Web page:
Migration data relevant for the COVID-19 pandemic

Last updated on 11 January 2021

Migrants – particularly in lower paid jobs – may be both more affected by and vulnerable to the spread of COVID-19 in countries already impacted and those countries where the pandemic is spreading, but migrants also play an important role in the response to COVID-19 by working in critical sectors. As of 3 November 2020, emigrants from the 20 countries with the highest number of COVID-19 cases accounted for nearly 28 per cent of the total international migrant stock and they had sent an estimated 37 per cent of all remittances globally to their countries of origin in 2019 (GMDAC analysis based on UN DESA, 2019World Bank 2020aWHO, 2020)1. Immigrants accounted for at least 4.5 per cent of the population in 12 of the 20 countries with the highest number of COVID-19 cases, and this share is more than 10 per cent in 8 of these countries (GMDAC analysis based on UN DESA, 2019WHO, 2020). Compared to the global share of international migrants making up 3.5 per cent of the total population, international migrants are overrepresented in these countries. Increasing border restrictions also have an impact on the mobility of migrants and the role of humanitarian organizations. Between 11 March 2020, when the WHO declared COVID-19 a pandemic, and 26 October 2020, the total number of movement restrictions implemented around the world has increased to more than 96,000 (IOM, 2020a). At the same time, 167 countries, territories or areas have issued 681 exceptions to these restrictions, thus enabling mobility (ibid.).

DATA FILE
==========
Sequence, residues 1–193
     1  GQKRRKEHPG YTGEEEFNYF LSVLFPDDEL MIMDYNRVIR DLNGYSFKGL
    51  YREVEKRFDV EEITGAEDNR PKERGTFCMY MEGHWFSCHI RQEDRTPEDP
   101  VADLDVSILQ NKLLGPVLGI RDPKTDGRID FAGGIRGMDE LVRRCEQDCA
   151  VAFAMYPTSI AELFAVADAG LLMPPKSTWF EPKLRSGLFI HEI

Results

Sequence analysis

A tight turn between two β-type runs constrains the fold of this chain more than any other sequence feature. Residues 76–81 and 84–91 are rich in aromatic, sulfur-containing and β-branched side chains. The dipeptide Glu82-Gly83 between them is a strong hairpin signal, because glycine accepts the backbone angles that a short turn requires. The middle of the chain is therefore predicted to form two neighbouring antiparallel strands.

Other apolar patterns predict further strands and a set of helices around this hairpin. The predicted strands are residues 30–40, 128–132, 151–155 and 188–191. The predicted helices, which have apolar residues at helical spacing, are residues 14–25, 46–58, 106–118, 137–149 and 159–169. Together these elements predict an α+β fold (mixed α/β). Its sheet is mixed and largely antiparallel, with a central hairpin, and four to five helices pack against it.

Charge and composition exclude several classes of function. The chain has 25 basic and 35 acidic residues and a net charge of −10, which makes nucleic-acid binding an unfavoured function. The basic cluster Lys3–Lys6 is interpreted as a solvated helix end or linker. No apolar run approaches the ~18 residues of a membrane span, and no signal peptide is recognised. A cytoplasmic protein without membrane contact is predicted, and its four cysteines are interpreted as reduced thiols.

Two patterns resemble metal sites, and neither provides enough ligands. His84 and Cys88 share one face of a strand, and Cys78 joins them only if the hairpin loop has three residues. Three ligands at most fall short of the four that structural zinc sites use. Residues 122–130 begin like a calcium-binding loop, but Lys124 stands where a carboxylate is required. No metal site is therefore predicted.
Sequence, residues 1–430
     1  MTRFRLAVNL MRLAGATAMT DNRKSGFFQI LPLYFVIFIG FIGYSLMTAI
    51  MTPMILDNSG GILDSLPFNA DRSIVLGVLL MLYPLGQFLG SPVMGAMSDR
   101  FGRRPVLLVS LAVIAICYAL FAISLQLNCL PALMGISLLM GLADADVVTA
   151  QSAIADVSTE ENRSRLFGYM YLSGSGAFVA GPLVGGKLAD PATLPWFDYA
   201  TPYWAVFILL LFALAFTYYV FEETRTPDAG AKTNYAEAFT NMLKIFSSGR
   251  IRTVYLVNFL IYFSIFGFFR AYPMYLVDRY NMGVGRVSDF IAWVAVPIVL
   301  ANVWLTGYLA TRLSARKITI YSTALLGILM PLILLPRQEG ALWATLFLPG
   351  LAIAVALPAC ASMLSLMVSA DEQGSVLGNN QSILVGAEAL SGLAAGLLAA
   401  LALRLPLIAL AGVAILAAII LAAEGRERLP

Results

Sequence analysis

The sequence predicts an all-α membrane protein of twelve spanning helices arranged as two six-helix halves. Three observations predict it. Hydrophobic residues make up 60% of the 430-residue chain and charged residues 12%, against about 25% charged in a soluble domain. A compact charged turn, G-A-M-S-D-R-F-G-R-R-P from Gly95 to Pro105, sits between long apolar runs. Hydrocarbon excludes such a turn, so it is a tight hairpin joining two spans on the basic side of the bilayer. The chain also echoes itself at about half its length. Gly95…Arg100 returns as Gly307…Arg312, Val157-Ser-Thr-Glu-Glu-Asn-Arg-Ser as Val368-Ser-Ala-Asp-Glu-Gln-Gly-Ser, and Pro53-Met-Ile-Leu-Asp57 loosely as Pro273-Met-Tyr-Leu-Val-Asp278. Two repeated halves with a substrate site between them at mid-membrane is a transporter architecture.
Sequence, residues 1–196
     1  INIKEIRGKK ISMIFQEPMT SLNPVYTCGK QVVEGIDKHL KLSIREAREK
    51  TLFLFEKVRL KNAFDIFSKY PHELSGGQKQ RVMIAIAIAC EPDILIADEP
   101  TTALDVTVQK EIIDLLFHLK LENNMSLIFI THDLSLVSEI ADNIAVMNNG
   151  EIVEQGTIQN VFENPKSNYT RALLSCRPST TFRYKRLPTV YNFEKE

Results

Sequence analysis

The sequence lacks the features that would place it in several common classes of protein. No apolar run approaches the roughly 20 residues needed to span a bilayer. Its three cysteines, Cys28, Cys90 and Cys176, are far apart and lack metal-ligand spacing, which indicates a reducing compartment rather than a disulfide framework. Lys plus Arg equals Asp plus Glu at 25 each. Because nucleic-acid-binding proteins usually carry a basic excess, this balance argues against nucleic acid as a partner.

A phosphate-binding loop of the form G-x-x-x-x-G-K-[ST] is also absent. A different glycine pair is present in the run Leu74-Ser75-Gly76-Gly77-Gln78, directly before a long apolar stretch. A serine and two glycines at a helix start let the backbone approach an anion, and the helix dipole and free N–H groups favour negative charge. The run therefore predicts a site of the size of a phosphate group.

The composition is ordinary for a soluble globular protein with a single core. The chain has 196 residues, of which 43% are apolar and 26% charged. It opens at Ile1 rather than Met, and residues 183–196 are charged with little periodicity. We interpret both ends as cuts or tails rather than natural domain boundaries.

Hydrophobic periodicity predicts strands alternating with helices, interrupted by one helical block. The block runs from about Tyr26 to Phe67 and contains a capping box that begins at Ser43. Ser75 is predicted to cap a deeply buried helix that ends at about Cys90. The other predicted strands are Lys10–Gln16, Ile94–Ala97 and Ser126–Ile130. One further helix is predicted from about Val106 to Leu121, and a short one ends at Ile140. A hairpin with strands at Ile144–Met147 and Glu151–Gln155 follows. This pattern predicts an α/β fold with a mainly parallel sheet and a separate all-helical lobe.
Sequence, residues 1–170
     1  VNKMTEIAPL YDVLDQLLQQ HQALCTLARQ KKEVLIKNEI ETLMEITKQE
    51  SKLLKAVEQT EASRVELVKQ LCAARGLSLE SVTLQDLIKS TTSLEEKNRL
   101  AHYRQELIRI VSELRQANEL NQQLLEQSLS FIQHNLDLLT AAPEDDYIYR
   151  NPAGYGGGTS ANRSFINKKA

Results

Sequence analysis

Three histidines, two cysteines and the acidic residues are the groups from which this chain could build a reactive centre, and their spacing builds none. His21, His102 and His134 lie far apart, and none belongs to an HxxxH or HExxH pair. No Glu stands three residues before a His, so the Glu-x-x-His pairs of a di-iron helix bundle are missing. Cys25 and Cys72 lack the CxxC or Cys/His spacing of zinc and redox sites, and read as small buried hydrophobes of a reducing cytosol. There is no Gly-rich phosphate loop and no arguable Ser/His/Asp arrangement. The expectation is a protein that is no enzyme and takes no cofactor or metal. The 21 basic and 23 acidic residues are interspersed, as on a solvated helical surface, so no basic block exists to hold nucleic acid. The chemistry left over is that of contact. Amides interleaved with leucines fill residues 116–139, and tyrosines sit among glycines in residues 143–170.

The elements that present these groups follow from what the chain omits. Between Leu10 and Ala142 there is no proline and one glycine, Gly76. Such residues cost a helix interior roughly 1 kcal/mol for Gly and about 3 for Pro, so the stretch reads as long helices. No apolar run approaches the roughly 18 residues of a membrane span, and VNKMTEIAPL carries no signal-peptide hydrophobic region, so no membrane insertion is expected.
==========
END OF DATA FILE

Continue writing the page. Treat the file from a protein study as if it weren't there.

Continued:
This page discusses data on migrants that can inform how they are potentially both affected by the impact of COVID-19 and are part of the response to the pandemic. As information related to the COVID-19 pandemic is constantly evolving, figures and other data will be updated on a regular basis. For information by country, please see here and below the map for key indicators on migration and demography. For key trends by region on the impact of COVID-19, please see our regional data overviews.

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